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Give an example of one of Eurylochus’ mutinies (rejection or resistance to Odysseus). What effect does this have on Odysseus’ journey? What might Homer be saying about Odysseus’ leadership?

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Wallace Field eNotes educator | Certified Educator

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On Circe's island, Eurylochus senses a trap and so stays back while other men go ahead and are turned into pigs; he then runs back to the ship to tell Odysseus. After Odysseus asks Circe to turn his men back into men if she wants him to eat and drink with her, she tells him to go and harbor his ship and bring the rest of his crew back with him. Everyone on board "jump[s] to do [his] bidding" except for Eurylochus, who has a "mutinous outburst" and tries to hold all the men back. He argues that Circe will turn them into "pigs or wolves or lions" that will be forced to guard her palace, and he accuses Odysseus of being "hotheaded" and responsible for the deaths of the men at the Cyclops's cave. Odysseus is tempted to "draw the sharp sword from beside [his] hip / and slice [Eurylochus's] head off [...]." However, Odysseus forbears and the men offer to leave Eurylochus behind, though he follows them to Circe's.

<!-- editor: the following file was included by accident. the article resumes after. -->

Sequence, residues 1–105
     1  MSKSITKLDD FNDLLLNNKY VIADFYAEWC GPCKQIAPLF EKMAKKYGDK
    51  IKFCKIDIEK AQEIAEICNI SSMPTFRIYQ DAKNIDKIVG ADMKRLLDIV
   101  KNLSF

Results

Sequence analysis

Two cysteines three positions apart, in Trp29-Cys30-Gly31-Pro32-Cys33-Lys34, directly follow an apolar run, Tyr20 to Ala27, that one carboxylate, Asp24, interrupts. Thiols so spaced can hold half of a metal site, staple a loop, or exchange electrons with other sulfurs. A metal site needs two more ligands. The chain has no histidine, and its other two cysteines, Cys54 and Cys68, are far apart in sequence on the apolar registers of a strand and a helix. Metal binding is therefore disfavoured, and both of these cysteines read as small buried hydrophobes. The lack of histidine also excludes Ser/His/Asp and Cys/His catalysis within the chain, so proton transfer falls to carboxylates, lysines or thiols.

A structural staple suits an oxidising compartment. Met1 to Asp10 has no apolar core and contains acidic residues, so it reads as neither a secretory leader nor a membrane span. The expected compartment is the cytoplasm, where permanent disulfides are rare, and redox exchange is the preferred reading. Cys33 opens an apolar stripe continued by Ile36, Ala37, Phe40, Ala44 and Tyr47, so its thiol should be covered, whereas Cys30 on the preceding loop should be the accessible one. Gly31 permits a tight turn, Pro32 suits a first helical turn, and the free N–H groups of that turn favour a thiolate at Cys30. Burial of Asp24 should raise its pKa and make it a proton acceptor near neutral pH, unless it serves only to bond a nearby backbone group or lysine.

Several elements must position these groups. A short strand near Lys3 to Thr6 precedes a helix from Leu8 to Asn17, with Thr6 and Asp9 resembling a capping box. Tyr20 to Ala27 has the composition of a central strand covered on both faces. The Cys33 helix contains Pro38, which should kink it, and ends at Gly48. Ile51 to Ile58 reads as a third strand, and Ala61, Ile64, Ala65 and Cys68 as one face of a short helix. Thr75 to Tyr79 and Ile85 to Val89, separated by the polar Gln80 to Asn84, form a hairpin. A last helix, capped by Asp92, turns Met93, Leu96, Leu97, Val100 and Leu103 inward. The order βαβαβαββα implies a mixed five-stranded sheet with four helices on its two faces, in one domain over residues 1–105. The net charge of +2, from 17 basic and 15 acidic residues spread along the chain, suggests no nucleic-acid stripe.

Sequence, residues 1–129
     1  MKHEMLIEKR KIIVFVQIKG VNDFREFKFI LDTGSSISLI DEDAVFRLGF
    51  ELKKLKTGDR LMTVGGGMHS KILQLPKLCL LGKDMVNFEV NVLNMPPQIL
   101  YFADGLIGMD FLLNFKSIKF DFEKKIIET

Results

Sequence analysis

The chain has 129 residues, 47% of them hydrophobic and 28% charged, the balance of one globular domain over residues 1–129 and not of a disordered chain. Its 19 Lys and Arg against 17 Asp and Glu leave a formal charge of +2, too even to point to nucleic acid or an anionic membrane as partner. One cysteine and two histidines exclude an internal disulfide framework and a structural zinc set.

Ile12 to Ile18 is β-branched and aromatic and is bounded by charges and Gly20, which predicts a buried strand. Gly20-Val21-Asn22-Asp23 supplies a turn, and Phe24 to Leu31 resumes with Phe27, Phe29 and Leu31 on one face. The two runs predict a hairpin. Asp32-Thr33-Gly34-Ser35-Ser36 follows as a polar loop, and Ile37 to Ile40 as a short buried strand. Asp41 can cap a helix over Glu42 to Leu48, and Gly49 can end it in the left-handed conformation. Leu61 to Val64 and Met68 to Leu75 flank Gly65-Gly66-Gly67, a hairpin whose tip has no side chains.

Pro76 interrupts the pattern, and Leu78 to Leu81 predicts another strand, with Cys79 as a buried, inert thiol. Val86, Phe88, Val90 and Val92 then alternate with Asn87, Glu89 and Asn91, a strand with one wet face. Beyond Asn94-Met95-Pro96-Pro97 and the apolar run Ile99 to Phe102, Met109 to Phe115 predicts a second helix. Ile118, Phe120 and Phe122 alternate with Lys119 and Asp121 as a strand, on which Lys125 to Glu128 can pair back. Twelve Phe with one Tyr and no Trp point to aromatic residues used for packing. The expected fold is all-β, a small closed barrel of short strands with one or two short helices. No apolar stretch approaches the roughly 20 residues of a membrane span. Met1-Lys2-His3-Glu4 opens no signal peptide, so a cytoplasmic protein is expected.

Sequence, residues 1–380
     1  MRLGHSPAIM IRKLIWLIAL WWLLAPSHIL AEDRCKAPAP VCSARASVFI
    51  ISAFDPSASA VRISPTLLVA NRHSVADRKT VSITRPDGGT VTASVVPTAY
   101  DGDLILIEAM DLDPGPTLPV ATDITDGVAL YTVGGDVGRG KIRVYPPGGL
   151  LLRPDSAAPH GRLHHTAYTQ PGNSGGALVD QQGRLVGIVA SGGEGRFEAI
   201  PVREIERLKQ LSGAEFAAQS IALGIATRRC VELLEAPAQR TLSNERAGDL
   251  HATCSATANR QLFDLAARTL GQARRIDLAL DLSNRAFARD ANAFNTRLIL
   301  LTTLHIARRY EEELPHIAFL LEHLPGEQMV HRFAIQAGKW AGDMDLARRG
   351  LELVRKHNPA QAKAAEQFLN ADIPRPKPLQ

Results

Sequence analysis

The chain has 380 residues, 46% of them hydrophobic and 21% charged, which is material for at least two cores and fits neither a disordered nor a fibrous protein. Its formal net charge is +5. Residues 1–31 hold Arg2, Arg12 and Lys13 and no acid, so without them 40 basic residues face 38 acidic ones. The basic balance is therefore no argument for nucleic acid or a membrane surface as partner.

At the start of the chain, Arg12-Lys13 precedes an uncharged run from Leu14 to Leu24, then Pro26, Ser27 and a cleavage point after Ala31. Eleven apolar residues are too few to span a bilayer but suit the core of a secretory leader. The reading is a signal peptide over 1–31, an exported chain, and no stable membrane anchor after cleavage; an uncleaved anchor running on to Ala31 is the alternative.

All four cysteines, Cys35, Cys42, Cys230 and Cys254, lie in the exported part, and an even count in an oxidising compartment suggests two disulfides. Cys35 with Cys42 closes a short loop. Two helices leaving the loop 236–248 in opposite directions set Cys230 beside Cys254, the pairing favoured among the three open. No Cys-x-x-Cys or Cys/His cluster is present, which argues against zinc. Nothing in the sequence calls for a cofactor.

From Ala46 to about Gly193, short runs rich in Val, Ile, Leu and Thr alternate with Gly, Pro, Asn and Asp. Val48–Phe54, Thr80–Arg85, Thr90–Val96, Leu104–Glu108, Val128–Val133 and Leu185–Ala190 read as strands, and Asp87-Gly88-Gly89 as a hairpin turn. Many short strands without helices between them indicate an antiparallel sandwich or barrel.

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Odysseus has been warned, by both the blind prophet Tiresias and Circe, the nymph sorceress, to avoid the isle of Helios, the sun god. However, Eurylochus, a member of Odysseus's crew, begs Odysseus for permission to land. Foolishly, Odysseus relents, but on one condition: none of the men must kill any of the island's cattle. The cattle, the oxen of the sun, belong to Helios, and killing them will incur the wrath of the gods.

While Odysseus is away praying to the gods, Eurylochus ignores his orders and leads the men to hunt and kill some of Helios's cattle. When Odysseus finds out, he is furious. He knows that some kind of divine vengeance awaits. Zeus responds to an angry Helios by agreeing to send down a bolt of lightning to destroy Odysseus's ship. All hands on deck are killed, including Eurylochus, but Odysseus manages to escape. He swims ashore on the island of Ogygia, home to the sea nymph Calypso. This will also be Odysseus's home for the next seven years, and this unplanned stopover will hold up his journey and delay his eventual return to Ithaca.

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